The actual facial adornments are attached with surgical grade glue but the construction of the pieces varies depending on the actual materials that I’m working with. One time I wanted to take vintage record sleeves and incorporate the history of the music into the piece without being obvious or blatant. So I took the record sleeves and soaked them in water for a week and then put them into a blender with some paint and created this kind of ‘musical mush’. I like the idea of having these secrets within the work that add another layer of dialogue to the piece.
Do you dismantle, and thus lose, each artwork after shooting?
Some of the looks are removable, and other components need to be deconstructed as they are washed off my face. I take a lot of care in the removal process to preserve as much of the art as possible. I want to have a gallery show where all of the items are sculptural pieces of art that compliment the photography aspect of the exhibition. A curator once told me a while ago that it is vital to keep as much of every piece as possible and so I have taken those words to heart.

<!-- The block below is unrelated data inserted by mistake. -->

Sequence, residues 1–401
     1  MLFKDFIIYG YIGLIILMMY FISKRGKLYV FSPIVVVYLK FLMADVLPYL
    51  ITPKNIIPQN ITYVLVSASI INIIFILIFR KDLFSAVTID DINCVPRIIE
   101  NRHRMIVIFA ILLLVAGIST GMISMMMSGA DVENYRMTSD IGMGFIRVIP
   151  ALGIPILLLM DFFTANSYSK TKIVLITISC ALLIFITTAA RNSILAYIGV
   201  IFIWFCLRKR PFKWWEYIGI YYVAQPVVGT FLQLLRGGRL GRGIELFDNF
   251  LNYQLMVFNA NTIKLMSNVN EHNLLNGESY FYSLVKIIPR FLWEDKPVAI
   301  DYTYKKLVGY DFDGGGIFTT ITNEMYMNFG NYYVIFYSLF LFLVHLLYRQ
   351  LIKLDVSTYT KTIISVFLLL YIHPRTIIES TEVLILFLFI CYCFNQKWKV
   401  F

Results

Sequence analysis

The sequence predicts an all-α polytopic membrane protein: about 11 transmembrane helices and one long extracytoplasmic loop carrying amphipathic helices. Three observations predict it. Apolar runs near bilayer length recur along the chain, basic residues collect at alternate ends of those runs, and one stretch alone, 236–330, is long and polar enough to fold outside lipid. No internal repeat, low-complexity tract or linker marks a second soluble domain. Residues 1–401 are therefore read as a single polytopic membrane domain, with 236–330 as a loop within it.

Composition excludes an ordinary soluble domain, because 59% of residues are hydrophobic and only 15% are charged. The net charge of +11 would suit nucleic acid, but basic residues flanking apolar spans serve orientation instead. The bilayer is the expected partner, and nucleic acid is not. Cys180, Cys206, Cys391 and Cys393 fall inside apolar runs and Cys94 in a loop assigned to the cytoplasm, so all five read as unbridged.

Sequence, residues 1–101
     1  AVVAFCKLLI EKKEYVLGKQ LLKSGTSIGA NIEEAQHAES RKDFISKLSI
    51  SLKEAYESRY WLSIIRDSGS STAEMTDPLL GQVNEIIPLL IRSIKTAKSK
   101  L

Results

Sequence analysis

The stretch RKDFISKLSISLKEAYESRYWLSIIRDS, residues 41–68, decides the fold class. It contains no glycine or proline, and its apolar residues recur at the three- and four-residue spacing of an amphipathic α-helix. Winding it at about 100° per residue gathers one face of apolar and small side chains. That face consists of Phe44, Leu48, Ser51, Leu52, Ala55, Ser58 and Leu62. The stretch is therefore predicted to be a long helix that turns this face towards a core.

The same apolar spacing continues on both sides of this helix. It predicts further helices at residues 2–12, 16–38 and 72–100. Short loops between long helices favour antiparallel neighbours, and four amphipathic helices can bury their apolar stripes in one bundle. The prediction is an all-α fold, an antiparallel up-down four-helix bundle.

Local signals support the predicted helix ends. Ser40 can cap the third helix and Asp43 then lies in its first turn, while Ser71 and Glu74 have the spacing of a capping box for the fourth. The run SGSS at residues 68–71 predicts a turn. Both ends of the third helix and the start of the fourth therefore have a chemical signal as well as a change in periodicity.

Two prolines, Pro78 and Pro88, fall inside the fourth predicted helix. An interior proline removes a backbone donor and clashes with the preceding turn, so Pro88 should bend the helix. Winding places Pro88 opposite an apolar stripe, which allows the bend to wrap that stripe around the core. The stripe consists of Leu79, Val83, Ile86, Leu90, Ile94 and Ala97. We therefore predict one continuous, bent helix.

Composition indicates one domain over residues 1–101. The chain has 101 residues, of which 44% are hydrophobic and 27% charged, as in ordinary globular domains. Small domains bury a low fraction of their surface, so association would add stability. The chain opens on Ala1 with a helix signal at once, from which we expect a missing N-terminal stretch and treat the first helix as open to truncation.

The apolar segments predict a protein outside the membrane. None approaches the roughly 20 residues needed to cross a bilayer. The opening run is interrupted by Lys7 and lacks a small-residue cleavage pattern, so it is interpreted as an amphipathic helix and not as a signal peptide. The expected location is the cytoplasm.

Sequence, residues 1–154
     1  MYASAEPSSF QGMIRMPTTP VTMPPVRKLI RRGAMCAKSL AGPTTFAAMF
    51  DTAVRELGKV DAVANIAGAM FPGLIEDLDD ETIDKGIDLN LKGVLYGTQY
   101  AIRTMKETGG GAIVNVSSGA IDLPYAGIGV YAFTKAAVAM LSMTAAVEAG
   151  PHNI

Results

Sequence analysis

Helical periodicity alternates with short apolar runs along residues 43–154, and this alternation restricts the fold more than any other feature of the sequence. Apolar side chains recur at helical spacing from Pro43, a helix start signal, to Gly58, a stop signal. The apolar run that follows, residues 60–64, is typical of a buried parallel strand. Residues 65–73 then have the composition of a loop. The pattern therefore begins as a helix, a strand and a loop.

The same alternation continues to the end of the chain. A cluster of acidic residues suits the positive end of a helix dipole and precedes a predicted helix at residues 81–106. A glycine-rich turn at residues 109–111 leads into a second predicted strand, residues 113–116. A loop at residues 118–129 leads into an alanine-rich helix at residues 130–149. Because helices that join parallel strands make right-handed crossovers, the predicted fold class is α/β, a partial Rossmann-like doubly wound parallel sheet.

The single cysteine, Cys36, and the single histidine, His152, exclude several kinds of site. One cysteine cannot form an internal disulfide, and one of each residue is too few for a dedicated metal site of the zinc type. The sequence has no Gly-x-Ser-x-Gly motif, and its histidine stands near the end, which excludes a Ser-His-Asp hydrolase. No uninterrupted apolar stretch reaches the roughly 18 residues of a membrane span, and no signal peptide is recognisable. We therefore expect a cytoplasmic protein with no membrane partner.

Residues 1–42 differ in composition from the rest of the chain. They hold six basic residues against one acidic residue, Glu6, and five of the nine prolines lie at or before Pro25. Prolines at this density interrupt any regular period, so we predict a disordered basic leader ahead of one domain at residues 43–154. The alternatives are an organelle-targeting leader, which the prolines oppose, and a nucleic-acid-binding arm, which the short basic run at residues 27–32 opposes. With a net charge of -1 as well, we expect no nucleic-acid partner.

How do you keep yourself inspired?
Inspiration is constant. Sometimes I wake up at night and have to write notes on my phone to remind myself in the morning about a particular shape or colour palette or concept. It’s hard to shut if off.
What beauty products do you swear by?
I can’t live without MAC Studio Fix Fluid and transparent finishing powder. No look is ever created without them. I also can’t work without a purple glue stick to block out my eyebrows.
What does the word beauty mean to you?
It is the essence of what makes something attractive. Attraction, so often, can’t be qualified, it just is. It is the same with beauty. Regardless of flaws, blemishes and irregularities, the attraction is still present and will connect to an individual in a way that relates specifically to them. I have always loved this Alexander Mcqueen quote: “Like most artists, I find beauty in the grotesque”. Beauty is just a label and we all get to decide where it gets attached. Beauty can be found in the most unlikely places, you just have to be open to seeing it.
Lyle XOX Head of Design is published by Rizzoli and is available for sale on 5 March.
This article originally appeared on i-D UK.